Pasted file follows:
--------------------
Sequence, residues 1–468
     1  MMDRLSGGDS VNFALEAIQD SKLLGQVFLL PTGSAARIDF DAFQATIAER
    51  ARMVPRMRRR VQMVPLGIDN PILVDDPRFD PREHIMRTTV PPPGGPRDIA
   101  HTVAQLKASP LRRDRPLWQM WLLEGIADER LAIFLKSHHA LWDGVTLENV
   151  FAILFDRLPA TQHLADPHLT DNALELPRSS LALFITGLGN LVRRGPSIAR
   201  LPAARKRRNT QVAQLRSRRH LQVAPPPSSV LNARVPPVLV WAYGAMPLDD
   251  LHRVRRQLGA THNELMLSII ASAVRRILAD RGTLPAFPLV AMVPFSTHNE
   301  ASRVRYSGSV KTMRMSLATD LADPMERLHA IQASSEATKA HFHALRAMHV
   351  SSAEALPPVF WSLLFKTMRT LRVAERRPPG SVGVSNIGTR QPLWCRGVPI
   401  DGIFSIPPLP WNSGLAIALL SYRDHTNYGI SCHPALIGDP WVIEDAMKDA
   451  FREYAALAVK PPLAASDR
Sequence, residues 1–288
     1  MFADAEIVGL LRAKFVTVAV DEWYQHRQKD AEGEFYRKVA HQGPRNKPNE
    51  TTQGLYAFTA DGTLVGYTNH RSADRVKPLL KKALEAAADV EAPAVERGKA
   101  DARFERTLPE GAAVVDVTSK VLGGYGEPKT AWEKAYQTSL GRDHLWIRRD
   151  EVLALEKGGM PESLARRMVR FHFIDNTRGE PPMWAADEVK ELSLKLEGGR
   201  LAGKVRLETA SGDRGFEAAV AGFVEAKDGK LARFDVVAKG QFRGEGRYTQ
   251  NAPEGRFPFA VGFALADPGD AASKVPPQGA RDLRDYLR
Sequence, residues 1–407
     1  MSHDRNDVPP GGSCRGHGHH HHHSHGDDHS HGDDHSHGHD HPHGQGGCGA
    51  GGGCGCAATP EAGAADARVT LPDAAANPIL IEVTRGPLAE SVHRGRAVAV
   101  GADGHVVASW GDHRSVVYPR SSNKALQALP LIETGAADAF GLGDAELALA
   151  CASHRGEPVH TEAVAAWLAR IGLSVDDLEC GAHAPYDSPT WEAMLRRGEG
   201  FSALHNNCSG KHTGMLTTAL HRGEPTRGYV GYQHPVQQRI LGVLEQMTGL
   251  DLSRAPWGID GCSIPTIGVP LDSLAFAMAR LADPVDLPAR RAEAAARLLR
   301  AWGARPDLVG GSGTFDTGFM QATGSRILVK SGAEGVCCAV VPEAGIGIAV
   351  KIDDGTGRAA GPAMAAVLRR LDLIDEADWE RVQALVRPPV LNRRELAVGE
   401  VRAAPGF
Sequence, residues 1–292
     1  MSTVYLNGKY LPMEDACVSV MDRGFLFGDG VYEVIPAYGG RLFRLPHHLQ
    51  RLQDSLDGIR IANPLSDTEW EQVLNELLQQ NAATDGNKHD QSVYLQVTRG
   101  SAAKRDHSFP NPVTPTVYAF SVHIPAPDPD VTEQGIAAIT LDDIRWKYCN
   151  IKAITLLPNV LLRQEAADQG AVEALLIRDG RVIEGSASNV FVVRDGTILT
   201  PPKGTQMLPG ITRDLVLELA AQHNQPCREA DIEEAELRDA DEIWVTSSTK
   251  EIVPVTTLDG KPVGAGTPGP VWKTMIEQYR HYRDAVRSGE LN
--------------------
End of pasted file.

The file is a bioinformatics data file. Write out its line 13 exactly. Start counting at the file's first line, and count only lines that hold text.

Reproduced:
     1  MFADAEIVGL LRAKFVTVAV DEWYQHRQKD AEGEFYRKVA HQGPRNKPNE